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Structured factor copulas and tail inference (2014)

In this dissertation we propose factor copula models where dependence is modeled via one or several common factors. These are general conditional independence models for $d$ observed variables, in terms of $p$ latent variables and the classical multivariate normal model with a correlation matrix having a factor structure is a special case. We also propose and investigate dependence properties of the extended models that we call structured factor copula models. The extended models are suitable for modeling large data sets when variables can be split into non-overlapping groups such that there is homogeneous dependence within each group. The models allow for different types of dependence structure including tail dependence and asymmetry. With appropriate numerical methods, efficient estimation of dependence parameters is possible for data sets with over 100 variables. The choice of copula is essential in the models to get correct inferences in the tails. We propose lower and upper tail-weighted bivariate measures of dependence as additional scalar measures to distinguish bivariate copulas with roughly the same overall monotone dependence. These measures allow the efficient estimation of strength of dependence in the joint tails and can be used as a guide for selection of bivariate linking copulas in factor copula models as well as for assessing the adequacy of fit of multivariate copula models. We apply the structured factor copula models to analyze financial data sets, and compare with other copula models for tail inference. Using model-based interval estimates, we find that some commonly used risk measures may not be well discriminated by copula models, but tail-weighted dependence measures can discriminate copula models with different dependence and tail properties.

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Multivariate extremal dependence and risk measures (2012)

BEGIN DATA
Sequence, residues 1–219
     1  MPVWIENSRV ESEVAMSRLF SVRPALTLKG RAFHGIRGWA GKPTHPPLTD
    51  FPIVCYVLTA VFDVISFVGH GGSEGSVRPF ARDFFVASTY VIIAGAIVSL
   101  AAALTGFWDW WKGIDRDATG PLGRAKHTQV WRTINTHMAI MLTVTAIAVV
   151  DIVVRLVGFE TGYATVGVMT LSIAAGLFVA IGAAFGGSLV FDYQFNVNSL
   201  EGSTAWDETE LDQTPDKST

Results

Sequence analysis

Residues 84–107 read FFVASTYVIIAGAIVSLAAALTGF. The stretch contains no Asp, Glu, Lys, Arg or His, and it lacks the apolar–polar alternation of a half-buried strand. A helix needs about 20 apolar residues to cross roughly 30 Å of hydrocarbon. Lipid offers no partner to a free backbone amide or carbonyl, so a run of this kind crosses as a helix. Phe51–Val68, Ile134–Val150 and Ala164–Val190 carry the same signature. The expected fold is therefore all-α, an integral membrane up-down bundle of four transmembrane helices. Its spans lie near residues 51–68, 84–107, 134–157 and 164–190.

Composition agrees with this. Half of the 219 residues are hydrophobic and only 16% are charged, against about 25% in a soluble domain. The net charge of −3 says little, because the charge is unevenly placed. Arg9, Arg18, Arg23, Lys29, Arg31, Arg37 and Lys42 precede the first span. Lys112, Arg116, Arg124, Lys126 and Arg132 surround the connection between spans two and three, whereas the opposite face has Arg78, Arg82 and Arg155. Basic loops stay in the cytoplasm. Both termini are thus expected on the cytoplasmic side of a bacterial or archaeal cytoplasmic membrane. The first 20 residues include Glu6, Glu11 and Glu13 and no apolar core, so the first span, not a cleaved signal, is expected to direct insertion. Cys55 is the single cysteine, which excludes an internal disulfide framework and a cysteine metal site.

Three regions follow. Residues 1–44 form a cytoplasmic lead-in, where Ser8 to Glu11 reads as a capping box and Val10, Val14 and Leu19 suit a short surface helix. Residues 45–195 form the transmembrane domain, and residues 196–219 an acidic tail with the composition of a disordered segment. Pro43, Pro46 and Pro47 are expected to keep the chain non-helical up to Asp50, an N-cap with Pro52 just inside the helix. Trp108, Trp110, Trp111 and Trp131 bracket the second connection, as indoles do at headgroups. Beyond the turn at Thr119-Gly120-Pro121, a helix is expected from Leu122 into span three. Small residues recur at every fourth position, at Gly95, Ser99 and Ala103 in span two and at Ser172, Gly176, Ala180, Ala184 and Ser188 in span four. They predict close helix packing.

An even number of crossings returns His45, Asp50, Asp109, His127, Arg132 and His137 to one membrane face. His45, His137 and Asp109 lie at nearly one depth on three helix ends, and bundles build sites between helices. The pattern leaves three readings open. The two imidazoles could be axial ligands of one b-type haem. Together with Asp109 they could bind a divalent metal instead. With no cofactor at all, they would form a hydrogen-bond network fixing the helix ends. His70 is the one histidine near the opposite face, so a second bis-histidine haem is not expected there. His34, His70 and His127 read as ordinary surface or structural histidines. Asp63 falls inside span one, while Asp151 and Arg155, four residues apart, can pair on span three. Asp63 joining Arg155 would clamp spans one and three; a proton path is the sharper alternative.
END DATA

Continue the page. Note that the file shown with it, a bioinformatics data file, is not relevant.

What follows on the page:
Overlooking non-Gaussian and tail dependence phenomena has emerged as an important reason of underestimating aggregate financial or insurance risks. For modeling the dependence structures between non-Gaussian random variables, the concept of copula plays an important role and provides practitioners with promising quantitative tools. In order to study copula families that have different tail patterns and tail asymmetry than multivariate Gaussian and t copulas, we introduce the concepts of tail order and tail order functions. These provide a unified way to study three types of dependence in the tails: tail dependence, intermediate tail dependence and tail orthant independence. Some fundamental properties of tail order and tail order functions are obtained. For multivariate Archimedean copulas, we relate the tail heaviness of a positive random variable to the tail behavior of the Archimedean copula constructed by the Laplace transform of the random variable.Quantitative risk measurements pay more attention on large losses. A good statistical approach for the whole data does not guarantee a good way for risk assessments. We use tail comonotonicity as a conservative dependence structure for modeling multivariate dependent losses. By this way, we do not lose too much accuracy but gain reasonable conservative risk measures, especially when we consider high-risk scenarios. We have conducted a thorough investigation on the properties and constructions of tail comonotonicity, and found interesting properties such as asymptotic additivity properties of risk measures. Sufficient conditions have also been obtained to justify the conservativity of tail comonotonicity.For large losses, tail behavior of loss distributions is more critical than the whole distributions. Asymptotic study assuming that each marginal risk goes to infinity is more mathematically tractable. However, the asymptotic study that leads to a first order approximation is only a crude way and may not be sufficient. To this end, we study the second order conditions for risk measures of sub-extremal multiple risks. Some relationships between Value at Risk and Conditional Tail Expectation have been obtained under the condition of Second Order Regular Variation. We also find that the second order parameter determines whether a higher order approximation is necessary.